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08/02/83 STATE MISSOURI v. DENNIS B. MOORE

August 2, 1983

STATE OF MISSOURI, RESPONDENT,
v.
DENNIS B. MOORE, APPELLANT.



From the Circuit Court of Johnson County; Criminal Appeal; Judge William M. Kimberlin.

Motion for Rehearing Overruled, Transfer Denied September 27, 1983. Modified on Court's Own Motion October 4, 1983.

Before Somerville, C.j., Shangler, Pritchard, Dixon, Turnage, Manford, Nugent, JJ.

The opinion of the court was delivered by: Nugent

Defendant was convicted by a jury of possession of marijuana, § 195.020, *fn1 sentenced to thirty days in jail, and fined $500. He argues both that his warrantless arrest was unlawful and that the subsequent warrantless search and seizure of evidence in his home was unlawful. We reverse.

At 1:30 a.m. on October 13, 1980, Deputy Sheriff John Lucas of the Cass County Sheriff's Department was sent to a residence in Belton, Missouri, to inform Mr. Richard Bailey, thought to reside therein, that his car was on fire in a school parking lot. As he approached the house, Officer Lucas passed a front window through which he could see one person asleep on a couch and another asleep in a chair. Between them was a coffee table on which rested an open fruitcake can containing a green, leafy substance believed by the officer to be marijuana. He knocked at the door which was answered by the defendant, the person seen sleeping on the couch. The defendant, Mr. Moore, informed the officer that Mr. Bailey was not there but took the message.

Officer Lucas then left, returned to the Belton Police Department, and consulted with Detective Jack Harris. Mr. Harris called the Cass County prosecuting attorney who advised him that probable cause existed to arrest the owner of the house for possession of marijuana.

Officer Lucas, Detective Harris and a third officer, Sgt. Wright, then returned to the house at about 2:30 a.m. Officer Lucas and Sgt. Wright each carried a service revolver and Detective Harris carried a .12 gauge shotgun. As they walked by the front window, they again saw the defendant asleep on the couch, but neither the second sleeper nor the fruitcake can was visible. In response to their knock, defendant answered the door. Although on direct examination at trial Officer Lucas testified that the defendant "came out on the porch," he also described defendant's position as "half in the house and half out of the house," with "the biggest part of him" outside. The officer told Mr. Moore that he had seen the marijuana on his previous visit, advised him that he was under arrest for possession of a controlled substance, and read him a Miranda warning.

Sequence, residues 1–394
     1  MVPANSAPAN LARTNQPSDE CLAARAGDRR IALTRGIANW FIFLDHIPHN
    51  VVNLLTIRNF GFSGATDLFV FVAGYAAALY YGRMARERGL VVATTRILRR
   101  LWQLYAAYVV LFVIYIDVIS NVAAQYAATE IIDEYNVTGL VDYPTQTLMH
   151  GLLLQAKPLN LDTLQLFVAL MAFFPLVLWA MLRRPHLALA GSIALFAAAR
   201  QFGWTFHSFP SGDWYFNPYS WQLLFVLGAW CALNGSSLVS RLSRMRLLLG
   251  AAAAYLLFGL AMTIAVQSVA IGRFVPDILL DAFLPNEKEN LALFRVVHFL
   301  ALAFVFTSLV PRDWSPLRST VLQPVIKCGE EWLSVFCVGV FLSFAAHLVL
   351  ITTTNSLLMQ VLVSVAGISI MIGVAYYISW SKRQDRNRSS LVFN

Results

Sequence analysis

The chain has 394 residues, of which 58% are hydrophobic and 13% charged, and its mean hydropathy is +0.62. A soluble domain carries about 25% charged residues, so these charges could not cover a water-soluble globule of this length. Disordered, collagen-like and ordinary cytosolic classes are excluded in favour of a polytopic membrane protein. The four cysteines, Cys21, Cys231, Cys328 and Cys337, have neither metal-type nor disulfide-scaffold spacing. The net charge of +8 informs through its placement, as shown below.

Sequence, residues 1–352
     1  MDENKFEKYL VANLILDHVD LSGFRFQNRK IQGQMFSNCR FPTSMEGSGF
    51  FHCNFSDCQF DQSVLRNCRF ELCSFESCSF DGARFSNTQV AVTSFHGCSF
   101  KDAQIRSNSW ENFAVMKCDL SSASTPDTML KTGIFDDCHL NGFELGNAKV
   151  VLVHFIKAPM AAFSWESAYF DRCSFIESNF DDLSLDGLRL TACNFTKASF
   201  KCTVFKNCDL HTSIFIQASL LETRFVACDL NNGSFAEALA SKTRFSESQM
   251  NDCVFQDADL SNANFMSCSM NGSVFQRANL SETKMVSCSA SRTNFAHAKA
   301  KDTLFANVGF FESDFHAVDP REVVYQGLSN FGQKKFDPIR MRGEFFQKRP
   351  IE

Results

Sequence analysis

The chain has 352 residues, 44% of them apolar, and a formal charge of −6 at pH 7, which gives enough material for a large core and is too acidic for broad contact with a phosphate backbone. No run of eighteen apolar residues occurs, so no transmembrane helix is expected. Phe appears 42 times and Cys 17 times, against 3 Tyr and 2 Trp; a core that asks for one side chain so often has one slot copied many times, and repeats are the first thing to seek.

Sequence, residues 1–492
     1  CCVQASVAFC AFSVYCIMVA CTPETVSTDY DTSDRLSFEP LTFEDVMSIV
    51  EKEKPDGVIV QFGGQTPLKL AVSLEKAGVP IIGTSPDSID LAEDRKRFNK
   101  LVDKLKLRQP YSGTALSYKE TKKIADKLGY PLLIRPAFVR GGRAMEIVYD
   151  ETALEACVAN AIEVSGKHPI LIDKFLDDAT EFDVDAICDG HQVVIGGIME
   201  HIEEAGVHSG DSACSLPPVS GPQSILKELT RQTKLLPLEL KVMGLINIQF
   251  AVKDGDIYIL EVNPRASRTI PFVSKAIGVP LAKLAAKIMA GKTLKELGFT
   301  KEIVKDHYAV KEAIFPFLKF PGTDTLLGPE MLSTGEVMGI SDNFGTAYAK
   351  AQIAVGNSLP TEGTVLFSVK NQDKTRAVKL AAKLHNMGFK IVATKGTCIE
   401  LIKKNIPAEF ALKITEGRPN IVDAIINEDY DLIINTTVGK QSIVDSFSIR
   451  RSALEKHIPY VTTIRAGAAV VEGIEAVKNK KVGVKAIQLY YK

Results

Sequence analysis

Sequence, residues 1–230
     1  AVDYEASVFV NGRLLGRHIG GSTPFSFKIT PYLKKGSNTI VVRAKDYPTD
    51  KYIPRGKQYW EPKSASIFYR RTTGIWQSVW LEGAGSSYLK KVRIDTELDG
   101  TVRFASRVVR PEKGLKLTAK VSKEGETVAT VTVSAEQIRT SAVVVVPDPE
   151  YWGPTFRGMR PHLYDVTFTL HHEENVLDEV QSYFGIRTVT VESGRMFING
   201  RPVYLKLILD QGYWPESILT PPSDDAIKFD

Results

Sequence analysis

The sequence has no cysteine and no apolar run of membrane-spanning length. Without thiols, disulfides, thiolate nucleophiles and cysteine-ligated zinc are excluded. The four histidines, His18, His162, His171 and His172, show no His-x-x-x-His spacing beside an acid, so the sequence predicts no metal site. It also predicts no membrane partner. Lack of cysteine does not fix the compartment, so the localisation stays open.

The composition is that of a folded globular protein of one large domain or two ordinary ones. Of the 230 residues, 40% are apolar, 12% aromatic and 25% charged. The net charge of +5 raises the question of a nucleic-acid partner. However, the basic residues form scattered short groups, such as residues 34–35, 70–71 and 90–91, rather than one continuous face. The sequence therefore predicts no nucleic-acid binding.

Defendant "made a motion with his hand," said something to the effect of "Oh, shit," turned around, and went back into the house. Officer Lucas interpreted defendant's gesture to mean he should follow so the three men entered the house. They followed Mr. Moore into the living room area where he reached under the couch, retrieved the can and handed it to Officer Lucas. The contents were later analyzed and found to be less than thirty-five grams of marijuana.

The other sleeper was found behind the couch, apparently still asleep, and was placed under arrest.

The defendant presented no evidence at trial. The jury returned a verdict of guilty and defendant was sentenced to thirty days in jail and fined $500.

In defendant's first point, that his warrantless arrest was unlawful, he relies on Payton v. New York, 445 U.S. 573 (1980), for the rule that absent consent or exigent circumstances, warrantless arrests within the confines of one's home are unconstitutional. Although we have serious doubts as to the applicability of Payton to this case where the defendant was at least partially outside of his home at the time of the arrest, in light of the fact that Payton carefully drew a "firm line at the entrance to the house," referring to it as "that threshold may not reasonably be crossed without a warrant," Id. at 590, the point is one we need not decide. We find defendant's warrantless arrest to be unlawful for a more fundamental reason - lack of probable cause.

In Missouri, a warrantless arrest is authorized only if it is based on probable cause, State v. Garrett, 627 S.W.2d 635, 641 (Mo. 1982) (en banc); State v. Olds, 603 S.W.2d 501, 505 (Mo. 1980) (en banc), a proposition said in Garrett to be "so well recognized that it needs no authority."

Probable cause for an arrest without a warrant carries two requirements. First, the facts within the arresting officers' knowledge must be sufficient to warrant "a man of reasonable caution in a belief that an offense has been or is being committed." Second, the facts must warrant a belief "that the person arrested is guilty of that offense." State v. Olds, supra, at 505. See also State v. Garrett, supra, stating that probably cause requires facts sufficient to warrant a belief that "The person being arrested had committed the offense for which he has been placed in custody" (emphasis added), and State v. Berry, 609 S.W.2d 948, 952 (Mo. 1980) (en banc), stating that probable cause requires facts sufficient to believe that the defendant has committed an offense.

In other words, reason to believe, or even certainty that an offense has been or is being committed does not constitute probable cause to arrest a particular individual unless reason also exists to believe that that individual committed the offense. Although " broad gulf exists between what is necessary to prove one guilty and the requirement of probable cause of a warrantless arrest . . . are suspicion . . . is not enough to ...


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